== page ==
Grudges are emotional cancer. I really don’t think there’s a better way to say it. And that’s probably why every religious text from around the world tells its followers to the same thing about resentment – forgive your enemies.

13. Spending more time with the people we care about

You’ve probably heard this one, too – nobody ever got old and wished they’d spent more time at work (unless they jobless, maybe). No. Instead, people grow old and wish they’d spent more time away from work and with the people they cared about.

14. Being selective in relationships

This is a big one, a really big one. I’m sure you know at least on person who is in a terrible relationship (maybe it’s you), and their lives are miserable. You might also know someone in an abusive relationship – their significant other physically or verbally attacks them, or their circle of friends are destructive.

Yet these people remain in these relationships because it’s all they know, or they would rather be miserable than be alone. Everyone one of them, though, will regret having squandered their lives.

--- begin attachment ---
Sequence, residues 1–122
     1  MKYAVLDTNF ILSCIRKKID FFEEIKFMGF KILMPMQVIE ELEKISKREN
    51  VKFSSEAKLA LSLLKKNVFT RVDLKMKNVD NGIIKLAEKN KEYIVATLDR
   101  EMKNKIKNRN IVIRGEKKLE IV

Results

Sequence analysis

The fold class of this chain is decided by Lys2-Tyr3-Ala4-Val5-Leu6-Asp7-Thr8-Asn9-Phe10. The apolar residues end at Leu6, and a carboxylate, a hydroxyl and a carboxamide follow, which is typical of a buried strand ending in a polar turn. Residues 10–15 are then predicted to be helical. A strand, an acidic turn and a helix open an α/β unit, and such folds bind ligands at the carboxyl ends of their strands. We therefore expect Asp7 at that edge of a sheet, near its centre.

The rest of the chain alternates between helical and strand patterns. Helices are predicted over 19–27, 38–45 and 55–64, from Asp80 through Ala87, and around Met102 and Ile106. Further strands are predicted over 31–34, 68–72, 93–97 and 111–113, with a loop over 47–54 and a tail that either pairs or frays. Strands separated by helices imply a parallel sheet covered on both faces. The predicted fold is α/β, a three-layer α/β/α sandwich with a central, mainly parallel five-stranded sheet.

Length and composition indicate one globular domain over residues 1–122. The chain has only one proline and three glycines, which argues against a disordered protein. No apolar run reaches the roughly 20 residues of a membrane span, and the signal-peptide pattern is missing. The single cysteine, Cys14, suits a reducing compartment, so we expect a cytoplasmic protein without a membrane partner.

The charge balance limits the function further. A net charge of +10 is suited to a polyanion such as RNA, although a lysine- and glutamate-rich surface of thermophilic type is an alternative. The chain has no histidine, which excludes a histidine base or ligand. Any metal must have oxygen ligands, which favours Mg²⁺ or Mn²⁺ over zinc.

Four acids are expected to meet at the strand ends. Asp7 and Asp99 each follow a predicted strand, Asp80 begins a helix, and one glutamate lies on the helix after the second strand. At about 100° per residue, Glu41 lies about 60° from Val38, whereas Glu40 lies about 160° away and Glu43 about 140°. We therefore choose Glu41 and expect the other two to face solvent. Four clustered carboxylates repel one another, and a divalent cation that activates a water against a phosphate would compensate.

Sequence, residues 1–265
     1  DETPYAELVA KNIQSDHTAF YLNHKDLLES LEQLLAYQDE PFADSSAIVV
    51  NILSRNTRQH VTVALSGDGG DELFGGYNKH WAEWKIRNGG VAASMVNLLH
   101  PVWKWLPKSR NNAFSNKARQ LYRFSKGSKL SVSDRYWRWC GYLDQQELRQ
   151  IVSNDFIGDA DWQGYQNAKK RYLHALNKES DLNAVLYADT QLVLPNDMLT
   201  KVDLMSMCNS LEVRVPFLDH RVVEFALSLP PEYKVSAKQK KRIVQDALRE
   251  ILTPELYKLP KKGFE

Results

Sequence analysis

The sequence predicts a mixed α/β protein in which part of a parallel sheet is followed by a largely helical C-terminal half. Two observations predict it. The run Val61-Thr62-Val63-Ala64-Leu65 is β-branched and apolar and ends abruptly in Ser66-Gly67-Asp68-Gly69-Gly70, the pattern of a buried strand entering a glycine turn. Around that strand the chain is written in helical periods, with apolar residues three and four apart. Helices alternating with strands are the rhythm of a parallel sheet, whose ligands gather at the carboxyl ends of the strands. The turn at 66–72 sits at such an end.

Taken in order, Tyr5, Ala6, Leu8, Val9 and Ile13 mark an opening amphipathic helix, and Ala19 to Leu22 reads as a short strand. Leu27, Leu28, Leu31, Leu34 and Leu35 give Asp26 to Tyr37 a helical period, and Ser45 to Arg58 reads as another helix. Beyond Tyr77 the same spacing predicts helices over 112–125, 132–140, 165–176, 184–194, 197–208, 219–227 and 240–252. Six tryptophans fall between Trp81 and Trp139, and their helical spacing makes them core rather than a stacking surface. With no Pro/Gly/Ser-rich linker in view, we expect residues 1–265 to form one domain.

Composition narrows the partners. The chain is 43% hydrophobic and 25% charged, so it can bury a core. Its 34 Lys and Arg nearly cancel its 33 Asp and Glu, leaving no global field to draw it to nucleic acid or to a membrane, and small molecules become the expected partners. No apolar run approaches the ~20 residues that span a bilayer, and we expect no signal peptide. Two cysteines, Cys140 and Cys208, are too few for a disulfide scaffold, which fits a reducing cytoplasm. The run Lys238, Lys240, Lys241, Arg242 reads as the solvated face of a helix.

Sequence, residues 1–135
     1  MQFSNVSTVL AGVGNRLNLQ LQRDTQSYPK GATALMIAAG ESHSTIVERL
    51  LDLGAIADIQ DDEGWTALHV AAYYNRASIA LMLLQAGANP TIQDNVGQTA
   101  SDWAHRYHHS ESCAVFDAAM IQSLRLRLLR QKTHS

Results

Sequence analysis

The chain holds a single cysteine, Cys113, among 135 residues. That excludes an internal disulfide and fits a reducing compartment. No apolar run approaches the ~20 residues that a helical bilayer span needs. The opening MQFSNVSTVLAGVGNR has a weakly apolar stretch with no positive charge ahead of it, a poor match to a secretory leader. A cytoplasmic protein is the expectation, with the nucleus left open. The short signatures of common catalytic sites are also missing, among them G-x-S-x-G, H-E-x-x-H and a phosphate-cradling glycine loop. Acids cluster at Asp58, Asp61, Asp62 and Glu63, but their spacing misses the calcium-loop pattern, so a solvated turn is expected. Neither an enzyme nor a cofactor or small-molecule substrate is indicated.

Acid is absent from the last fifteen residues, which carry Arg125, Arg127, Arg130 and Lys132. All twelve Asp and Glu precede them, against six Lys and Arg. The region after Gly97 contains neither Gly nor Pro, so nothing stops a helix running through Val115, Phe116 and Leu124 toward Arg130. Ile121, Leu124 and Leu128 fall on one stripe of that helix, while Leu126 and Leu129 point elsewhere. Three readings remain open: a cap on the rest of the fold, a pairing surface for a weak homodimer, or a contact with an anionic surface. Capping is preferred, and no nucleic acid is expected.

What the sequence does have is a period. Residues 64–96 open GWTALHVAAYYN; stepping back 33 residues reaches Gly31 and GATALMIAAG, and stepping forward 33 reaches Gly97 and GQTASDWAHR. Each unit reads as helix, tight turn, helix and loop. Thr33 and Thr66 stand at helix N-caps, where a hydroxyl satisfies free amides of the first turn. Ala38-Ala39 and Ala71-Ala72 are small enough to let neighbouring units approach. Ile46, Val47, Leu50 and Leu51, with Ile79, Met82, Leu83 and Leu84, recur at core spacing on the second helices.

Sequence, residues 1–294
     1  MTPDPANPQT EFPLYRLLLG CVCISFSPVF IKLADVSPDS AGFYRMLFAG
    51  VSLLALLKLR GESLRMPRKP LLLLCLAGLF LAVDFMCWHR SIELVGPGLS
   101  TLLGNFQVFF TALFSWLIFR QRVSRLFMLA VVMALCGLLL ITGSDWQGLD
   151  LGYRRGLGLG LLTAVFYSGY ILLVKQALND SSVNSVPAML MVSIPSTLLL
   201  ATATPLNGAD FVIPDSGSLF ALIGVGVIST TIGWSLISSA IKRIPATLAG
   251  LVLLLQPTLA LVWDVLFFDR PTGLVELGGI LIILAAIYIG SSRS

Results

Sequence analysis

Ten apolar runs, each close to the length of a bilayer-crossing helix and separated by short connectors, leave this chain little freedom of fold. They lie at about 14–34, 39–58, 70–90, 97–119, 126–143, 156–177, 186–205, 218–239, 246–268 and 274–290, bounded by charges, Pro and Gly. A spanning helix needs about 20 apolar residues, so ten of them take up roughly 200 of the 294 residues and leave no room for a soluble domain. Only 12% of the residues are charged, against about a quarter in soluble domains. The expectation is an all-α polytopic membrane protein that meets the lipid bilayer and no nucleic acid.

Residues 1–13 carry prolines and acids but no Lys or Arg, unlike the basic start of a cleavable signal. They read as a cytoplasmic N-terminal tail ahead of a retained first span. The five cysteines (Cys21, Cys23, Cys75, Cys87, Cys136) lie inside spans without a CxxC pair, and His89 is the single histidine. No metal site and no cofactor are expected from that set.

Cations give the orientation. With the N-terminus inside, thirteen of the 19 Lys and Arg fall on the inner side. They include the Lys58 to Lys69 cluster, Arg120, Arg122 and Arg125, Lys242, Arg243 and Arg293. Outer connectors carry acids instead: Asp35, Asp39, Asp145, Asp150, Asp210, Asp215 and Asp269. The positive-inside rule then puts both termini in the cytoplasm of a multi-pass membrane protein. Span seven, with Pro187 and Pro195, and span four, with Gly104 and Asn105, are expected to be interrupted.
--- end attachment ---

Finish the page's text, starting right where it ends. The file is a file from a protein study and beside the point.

15. Taking care of our bodies

And finally… all of us would like to delay that whole deathbed scenario for as long as we can. Right?

Take care of your body. Exercise, eat responsibly, wear sunscreen… and enjoy living life to its fullest for as long as you can.

Originally published on Ideapod’s blog.

Leave a Reply

Your email address will not be published. Required fields are marked *


Residents dance into ‘madness’ at Hatter’s Tea Party

After a two year hiatus, the Lifeview Positive Ageing Celebration (PAC) returned bigger and better - much to the delight of residents, families and staff. Read More

The Invisibility of Older People – Open Letter to David Jones

Dear David Jones, It is time to join the 21st century. That’s the century where longevity is king, and – even more so – queen. What that means is that we’re seeing more and more fit and healthy and active older and old and very old people, and especially cashed up women, everywhere. Many of them... Read More

Here’s why older people must drink more water

The elderly and middle-aged should drink more water to reap the full cognitive benefits of exercise. Read More
Exit mobile version